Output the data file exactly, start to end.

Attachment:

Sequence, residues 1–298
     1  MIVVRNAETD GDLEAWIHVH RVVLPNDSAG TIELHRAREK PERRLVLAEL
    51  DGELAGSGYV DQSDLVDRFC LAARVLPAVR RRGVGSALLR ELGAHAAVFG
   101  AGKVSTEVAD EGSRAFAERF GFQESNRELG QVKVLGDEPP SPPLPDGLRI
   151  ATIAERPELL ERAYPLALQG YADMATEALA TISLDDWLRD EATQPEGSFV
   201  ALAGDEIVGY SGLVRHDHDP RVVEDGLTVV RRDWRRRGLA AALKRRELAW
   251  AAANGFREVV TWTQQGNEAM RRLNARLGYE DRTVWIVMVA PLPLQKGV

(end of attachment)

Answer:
Sequence, residues 1–298
     1  MIVVRNAETD GDLEAWIHVH RVVLPNDSAG TIELHRAREK PERRLVLAEL
    51  DGELAGSGYV DQSDLVDRFC LAARVLPAVR RRGVGSALLR ELGAHAAVFG
   101  AGKVSTEVAD EGSRAFAERF GFQESNRELG QVKVLGDEPP SPPLPDGLRI
   151  ATIAERPELL ERAYPLALQG YADMATEALA TISLDDWLRD EATQPEGSFV
   201  ALAGDEIVGY SGLVRHDHDP RVVEDGLTVV RRDWRRRGLA AALKRRELAW
   251  AAANGFREVV TWTQQGNEAM RRLNARLGYE DRTVWIVMVA PLPLQKGV